Liz Field: How executives are tackling ‘the biggest taboo in the City’

Pimfa CEO details the candid mental health conversations that took place at its annual summit

Liz Field Pimfa

Awareness of how mental health conditions affect working lives has increased exponentially across the finance sector in recent years. The myriad of undertakings, conferences, studies and miles of column inches dedicated to the issue is encouraging, however there is clearly much more to be done as the situation appears to be a major cause for concern.

In the UK, 15.4 million working days were lost in 2018 as a result of stress, depression and anxiety, while 62% of financial-sector firms reported an increase in mental-health-related illness in the workplace last year, according to an Aon Employee Benefits survey carried out in 2018.

Further, 42% of financial service workers say that they would use emotional wellbeing support if it was on offer and a staggering 74% think that their employer should be doing more to help the wellbeing of their employees.

Long working days, personal financial concerns, mountainous regulation, even Brexit are all contributing to increasingly high levels of workplace stress and propelling mental wellbeing in our sector right up the list of priorities going forward.

Much might be learned from our industry’s attempts to address issues around firm culture and wellbeing, particularly in the areas of openness and honesty but also in staff support and this was highlighted at the recent Pimfa Annual Summit in a panel discussion between Michael Heyworth, executive director and head of client delivery at Coutts, Paul Feeney, chief executive of Quilter and Mark Twigg, executive director of Cicero. All three gave an up-to-date snapshot of where they feel the industry currently stands on wellbeing and what can be done to improve the situation, highlighting approaches which apply to organisations regardless of size.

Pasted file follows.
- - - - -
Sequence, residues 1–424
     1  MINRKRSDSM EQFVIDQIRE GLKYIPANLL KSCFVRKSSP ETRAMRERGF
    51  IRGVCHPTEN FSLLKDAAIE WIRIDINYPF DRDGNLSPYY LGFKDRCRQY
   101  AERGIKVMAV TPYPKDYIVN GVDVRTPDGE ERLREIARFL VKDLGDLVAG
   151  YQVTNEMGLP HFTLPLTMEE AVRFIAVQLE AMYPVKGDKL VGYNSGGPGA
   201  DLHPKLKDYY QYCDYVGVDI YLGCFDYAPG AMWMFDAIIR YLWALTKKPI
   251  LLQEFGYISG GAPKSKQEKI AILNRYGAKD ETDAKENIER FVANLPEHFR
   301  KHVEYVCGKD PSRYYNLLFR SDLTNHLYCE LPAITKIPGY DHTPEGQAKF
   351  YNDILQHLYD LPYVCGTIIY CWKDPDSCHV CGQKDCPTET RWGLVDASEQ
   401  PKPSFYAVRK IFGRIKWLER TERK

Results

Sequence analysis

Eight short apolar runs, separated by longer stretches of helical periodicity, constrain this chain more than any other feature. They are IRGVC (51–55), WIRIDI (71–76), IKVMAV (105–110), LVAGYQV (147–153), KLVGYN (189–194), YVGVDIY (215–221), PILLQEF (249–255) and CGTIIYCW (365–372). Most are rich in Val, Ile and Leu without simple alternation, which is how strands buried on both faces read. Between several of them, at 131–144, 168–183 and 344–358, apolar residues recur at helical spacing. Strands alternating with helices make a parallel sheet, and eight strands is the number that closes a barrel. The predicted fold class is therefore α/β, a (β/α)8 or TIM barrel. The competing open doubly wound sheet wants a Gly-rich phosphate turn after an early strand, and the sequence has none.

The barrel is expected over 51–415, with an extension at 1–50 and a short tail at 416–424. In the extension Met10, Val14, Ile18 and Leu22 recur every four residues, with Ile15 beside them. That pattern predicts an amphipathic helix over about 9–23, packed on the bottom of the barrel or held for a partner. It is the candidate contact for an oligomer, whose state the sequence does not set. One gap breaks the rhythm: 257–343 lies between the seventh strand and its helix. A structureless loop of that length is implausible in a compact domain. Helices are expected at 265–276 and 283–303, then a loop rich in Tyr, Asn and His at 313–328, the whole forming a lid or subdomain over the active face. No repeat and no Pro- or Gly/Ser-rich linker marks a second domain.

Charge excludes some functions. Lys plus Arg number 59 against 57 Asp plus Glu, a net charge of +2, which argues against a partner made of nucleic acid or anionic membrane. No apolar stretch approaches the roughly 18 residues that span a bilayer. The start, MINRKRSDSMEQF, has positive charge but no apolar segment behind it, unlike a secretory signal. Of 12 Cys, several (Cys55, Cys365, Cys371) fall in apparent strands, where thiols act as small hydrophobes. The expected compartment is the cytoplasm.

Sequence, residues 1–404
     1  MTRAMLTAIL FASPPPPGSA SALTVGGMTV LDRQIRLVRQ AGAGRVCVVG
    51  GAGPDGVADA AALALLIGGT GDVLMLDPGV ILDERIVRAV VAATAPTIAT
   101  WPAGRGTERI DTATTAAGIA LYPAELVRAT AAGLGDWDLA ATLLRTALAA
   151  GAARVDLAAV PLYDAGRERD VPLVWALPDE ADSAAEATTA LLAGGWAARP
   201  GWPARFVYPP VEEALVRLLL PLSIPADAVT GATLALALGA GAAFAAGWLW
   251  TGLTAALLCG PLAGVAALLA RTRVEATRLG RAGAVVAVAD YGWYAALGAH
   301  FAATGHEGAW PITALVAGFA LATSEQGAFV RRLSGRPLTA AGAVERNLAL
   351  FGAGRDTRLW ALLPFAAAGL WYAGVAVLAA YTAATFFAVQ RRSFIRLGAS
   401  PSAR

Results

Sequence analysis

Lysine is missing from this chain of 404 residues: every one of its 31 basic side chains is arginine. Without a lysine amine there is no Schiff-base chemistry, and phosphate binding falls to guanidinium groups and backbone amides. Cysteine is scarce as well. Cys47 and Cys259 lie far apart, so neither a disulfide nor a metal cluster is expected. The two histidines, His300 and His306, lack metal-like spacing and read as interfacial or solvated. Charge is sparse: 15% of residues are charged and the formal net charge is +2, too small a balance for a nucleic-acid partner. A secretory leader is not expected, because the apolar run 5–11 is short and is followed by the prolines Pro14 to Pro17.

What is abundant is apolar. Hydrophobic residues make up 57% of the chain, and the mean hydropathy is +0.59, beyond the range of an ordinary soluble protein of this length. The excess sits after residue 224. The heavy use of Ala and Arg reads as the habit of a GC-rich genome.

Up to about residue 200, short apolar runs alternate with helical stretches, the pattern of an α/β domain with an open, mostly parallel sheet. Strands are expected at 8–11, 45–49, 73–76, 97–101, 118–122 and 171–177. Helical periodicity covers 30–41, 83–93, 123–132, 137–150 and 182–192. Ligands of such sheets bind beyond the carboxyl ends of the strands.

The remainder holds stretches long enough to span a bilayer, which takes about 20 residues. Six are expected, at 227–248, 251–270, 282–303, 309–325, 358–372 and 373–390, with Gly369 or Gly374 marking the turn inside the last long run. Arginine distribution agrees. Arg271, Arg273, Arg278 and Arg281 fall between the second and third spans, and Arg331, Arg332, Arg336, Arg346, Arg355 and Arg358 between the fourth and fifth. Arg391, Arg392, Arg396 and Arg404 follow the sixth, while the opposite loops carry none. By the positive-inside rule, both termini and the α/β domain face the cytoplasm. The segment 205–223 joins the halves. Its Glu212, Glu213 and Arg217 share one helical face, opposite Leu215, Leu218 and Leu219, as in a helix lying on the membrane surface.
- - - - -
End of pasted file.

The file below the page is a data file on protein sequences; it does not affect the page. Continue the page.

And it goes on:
After showing a video where Paul spoke movingly to camera about his own mental health issues – an open and courageous step which was unanimously applauded – he went on to say that he believes that mental wellbeing is “the biggest taboo in the City” and that there’s a big undercurrent fuelling addiction, whether it’s substance abuse, alcoholism or eating disorders, because they don’t think that they can cope.

He then explained the benefits of an open and honest culture in the workplace and described it as “the biggest cultural transformation” for the company which has “helped the firm to be more resilient and able to rise to challenges. Supportive teams are more competitive teams and can make a company a happier place to work. If we are asking our employees to take care of our customers, we should take care of them.”

Cicero’s Mark Twigg went on to talk about the importance of the industry stepping up to tackle the stigma associated with mental health issues. He said: “Cicero was started by three gay men; from the start, we have always had a very open culture. However, one thing we didn’t address was mental health. It took me until I was 40 to address my mental health issues. You’re afraid of how your friends, clients, colleagues will respond. Discussions like this need to be had to help tackle the stigma; it is long overdue”.

“Being authentic is at the heart of wellbeing,” he continued, “allowing people to be human has a massive organisational impact and helps create an emotional connection with people, staff and clients. A lot of my clients have become friends and improved client retention; they want to be part of a community.”

Coutts’ Michael Heyworth shared the challenges his organisation faced, saying; “Unfortunately, we did encounter some resistance to some cultural changes we wanted to make, because of our old lineage [a 300-year-old organisation]. We have to push past that to adapt and evolve, like the rest of the world, otherwise we’d die. It was important for us to get our own house in order, then started to look at our clients. If you allow your employees to bring their best selves to work, they’ll give that to clients and you’ll get that back.”

This insight mirrors key points from the industry’s drive for diversity and inclusion, namely that the appreciation of the individual lies at the heart of the issue. In turn, this adds sustainability to the toolbox, particularly when one looks at future recruitment of both staff and clients amongst the next generations who, as research shows, value a socially responsible, diverse, inclusive and nurturing environment.

Liz Field is chief executive of the Personal Investment Management and Financial Advice Association (Pimfa)

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